I come from a country where politics are a part of you whether you embrace them or not. I come from a country where understanding politics is not an option, but something that comes rather natural within our people. I come from Venezuela, a country where the left-wing regime brought what once was the richest, most prosperous country to its knees with the promise of “equality” behind the utopian concept of socialism. This part of me I can’t detach from who I am, not that I would want to, anyway. So everywhere I go, I take it with me, and I try to use it both to raise awareness of my country’s situation, as well as to prevent, within my limits, a tragedy similar to what happened in Venezuela, from repeating in other countries.
As a future journalist, accurately informing is my mission. Because of this, I decided to attend last week’s rallies in Longview- to form my own opinion, and to see what options there are for this country. I was present in Beto O’Rourke’s rally, as I was in Ted Cruz’: After an entire day of listening to fallacies and insults, I have to ask: Is this really the best that the United States of America has to offer the people of Texas?
First, I’d like to thank O’Rourke’s team, who received my classmate and me with great enthusiasm after a press conference was scheduled. However, to my disappointment, after I asked O’Rourke his stance on left-wing dictatorships (such as those from Guatemala, Honduras, El Salvador and Venezuela)- and how this related to his liberal policies on illegal immigration, he failed to show how his left-wing ideologies are any different from these. Furthermore, he failed to provide me, and those who have the same question as me, with a sincere, judicious response. Mr. O’Rourke- I sincerely don’t understand how “being a Texan, an American” is, in your world, an antonym of socialism.
Regarding his campaign, I can see how he has managed to earn people’s support. Beto O’Rourke has promised things that sound beautiful, especially when spoken by an amazing speaker. I can see why people fancy the idea of a community accepting of LGBT people, because I myself support this. I can see why people fancy the idea of socialized medicine, because what kind of monster would say that there’s such a thing as people more deserving of medical treatment than others? I can see why people fancy the idea of equality in the state of Texas. Yet, what I fail to see is how Beto O’Rourke’s strategies for achieving this would work. My advice would be grabbing a history textbook and finding out what happened to those countries where governments ever promised “equality”. Also, reading the news and doing some research on the actual situation of countries such as Guatemala, Honduras, El Salvador, and Venezuela would be a great way to understand that regimes who speak so highly of equality have been proven to be the cancer of society; and is politicians’ favorite method for groups to become rich, while driving the country to poverty and misery. I admire O’Rourke’s passion to include minorities in society; I even applaud it and wish that, should he become Texas’ senator, he knows how to carry out his ideas in a successful manner.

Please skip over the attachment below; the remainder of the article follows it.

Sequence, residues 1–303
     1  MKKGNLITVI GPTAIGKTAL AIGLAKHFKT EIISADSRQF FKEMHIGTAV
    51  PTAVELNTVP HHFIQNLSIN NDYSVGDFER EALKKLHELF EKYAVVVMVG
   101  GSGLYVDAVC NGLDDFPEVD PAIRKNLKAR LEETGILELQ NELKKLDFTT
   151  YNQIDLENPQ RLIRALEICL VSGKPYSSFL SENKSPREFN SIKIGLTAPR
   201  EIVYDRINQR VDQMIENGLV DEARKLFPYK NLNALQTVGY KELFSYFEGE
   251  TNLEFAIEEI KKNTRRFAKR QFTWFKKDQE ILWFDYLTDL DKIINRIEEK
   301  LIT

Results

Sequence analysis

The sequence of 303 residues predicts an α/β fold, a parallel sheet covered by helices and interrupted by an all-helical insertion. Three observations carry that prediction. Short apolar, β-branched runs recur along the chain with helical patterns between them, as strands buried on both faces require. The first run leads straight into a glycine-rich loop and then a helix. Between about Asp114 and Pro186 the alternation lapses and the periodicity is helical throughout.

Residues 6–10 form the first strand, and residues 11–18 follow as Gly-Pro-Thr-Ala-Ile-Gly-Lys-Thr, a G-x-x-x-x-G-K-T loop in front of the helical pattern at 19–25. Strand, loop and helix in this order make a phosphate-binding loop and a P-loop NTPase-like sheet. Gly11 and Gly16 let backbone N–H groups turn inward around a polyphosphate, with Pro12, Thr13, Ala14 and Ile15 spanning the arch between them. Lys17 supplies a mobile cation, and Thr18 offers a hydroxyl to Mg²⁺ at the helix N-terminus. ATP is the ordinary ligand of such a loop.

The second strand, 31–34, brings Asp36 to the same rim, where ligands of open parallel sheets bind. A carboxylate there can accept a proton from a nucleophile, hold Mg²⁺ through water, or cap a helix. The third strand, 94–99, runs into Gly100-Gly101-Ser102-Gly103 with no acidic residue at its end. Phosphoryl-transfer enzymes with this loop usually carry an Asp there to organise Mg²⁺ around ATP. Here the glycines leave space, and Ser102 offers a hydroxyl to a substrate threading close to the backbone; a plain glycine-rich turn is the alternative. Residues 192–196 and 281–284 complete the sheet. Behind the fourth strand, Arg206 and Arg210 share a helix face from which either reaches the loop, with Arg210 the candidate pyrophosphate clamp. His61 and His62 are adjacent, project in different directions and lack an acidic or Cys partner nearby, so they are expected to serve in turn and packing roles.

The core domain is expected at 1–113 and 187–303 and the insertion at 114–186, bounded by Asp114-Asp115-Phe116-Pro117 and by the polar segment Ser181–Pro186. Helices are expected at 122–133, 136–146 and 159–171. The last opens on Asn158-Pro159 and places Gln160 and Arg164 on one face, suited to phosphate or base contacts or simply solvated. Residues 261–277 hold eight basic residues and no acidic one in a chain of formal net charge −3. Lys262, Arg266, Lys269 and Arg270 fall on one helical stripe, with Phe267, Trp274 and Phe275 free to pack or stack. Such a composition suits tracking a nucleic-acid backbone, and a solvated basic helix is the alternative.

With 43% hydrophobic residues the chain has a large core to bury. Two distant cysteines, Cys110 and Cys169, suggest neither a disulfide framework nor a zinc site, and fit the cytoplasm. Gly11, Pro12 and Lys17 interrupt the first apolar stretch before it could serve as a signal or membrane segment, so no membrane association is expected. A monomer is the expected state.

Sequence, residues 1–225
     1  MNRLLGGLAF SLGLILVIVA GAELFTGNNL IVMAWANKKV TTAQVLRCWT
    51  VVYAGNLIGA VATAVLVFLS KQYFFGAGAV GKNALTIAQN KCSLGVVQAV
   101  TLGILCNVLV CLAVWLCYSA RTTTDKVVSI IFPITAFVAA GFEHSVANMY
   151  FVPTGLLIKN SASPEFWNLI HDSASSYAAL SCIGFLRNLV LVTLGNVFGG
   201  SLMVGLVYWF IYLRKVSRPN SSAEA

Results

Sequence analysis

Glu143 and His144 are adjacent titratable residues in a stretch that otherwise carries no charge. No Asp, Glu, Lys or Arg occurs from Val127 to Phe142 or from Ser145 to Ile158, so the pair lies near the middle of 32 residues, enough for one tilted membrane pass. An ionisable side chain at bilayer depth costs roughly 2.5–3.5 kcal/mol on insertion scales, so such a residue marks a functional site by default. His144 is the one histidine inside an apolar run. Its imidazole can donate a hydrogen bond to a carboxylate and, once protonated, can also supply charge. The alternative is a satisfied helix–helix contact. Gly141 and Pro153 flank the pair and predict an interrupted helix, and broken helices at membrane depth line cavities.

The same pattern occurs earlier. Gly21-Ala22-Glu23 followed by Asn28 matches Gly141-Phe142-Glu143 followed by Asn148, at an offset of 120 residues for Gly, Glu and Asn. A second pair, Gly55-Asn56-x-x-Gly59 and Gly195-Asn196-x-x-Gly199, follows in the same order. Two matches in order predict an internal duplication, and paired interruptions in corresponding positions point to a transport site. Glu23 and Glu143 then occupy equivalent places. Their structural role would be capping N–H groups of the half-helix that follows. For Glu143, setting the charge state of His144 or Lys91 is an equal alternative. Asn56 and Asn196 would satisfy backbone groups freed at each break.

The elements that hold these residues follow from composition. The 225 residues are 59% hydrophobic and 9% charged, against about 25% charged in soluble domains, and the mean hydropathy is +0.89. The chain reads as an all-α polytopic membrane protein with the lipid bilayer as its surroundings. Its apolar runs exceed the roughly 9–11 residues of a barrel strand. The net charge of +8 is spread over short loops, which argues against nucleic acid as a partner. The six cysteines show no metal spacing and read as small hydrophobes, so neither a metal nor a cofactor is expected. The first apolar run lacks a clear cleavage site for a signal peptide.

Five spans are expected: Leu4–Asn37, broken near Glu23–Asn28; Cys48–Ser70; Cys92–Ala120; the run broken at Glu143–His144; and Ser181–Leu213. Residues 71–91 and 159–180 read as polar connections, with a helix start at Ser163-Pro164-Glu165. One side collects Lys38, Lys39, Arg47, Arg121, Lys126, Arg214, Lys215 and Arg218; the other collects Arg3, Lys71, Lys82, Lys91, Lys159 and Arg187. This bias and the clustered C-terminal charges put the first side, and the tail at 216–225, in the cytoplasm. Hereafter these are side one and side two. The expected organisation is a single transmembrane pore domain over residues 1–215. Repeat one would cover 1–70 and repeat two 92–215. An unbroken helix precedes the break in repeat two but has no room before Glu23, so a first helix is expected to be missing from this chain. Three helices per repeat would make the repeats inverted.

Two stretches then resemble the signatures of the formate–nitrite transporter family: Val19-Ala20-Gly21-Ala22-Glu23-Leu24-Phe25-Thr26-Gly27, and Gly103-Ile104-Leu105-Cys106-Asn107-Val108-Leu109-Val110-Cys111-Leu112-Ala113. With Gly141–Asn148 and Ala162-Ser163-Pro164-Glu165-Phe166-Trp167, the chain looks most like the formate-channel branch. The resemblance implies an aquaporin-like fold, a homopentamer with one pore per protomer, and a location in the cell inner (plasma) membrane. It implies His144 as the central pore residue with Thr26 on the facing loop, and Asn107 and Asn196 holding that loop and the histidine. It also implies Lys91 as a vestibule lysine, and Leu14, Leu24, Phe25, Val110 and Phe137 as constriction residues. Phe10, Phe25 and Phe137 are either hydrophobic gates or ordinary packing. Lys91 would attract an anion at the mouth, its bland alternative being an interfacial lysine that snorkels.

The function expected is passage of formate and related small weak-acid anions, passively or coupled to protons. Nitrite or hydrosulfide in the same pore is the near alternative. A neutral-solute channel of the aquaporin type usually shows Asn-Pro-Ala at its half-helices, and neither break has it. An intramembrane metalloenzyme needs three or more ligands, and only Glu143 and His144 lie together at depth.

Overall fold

Regarding Ted Cruz’ rally, I sincerely don’t understand how being uncivil, chauvinistic and discriminatory toward ideas and opinions that differ from their standards, makes them the adequate representatives for the state of Texas. There is nothing admirable about being within the same four walls as a group of people who, in a vast majority, have no respect whatsoever for anyone who is not “white,” Republican, or simply, for anyone who works in the media field. I don’t feel the need to tell the story of how I, being a reporter, and the photographer who was with me, felt attacked by those who claim to understand what being a “true American” means as a result of these variables I just mentioned. Nevertheless, I do find it necessary to stress that this is not the smartest way to persuade people to vote for you. I also find it necessary to remark that not because one candidate is, according to certain explicit posters we saw, not fit enough to do a job, this makes the opponent any more apposite. Cruz’ rally was a campaign of hatred and humiliation. Although he does have a clear vision and understanding of what needs to be done to improve fundamental aspects of the economy, I don’t think a little tolerance and respect toward those who disagree can be a bad thing.
I feel the need to emphasize how the Republican party’s hatred toward media outlets such as CNN has gone completely out of hands, to the point where they discriminate whatever resembles a journalist, if only from a college newspaper. The truth here is that there will always be news reports more biased or less accurate than others; however, this is in no way a fair reason to express loathing toward those who dedicate themselves to this field. Republicans: In this aspect, we are just as worthy of respect as any human being who has a mission in life and wakes up every morning determined to pursue it.
After witnessing both rallies, I saw good and bad on both sides. After witnessing both rallies, I confirmed that there is no such thing as clean politics. After witnessing both rallies, I am intrigued as to how this decision that belongs to the Americans of Texas will affect the state; for, after witnessing both rallies, I know it’s not an easy choice to make. Is this really the best that the United States of America has to offer the people of Texas?
By Adriana Cisneros Emerson
Photos by Catie Denfeld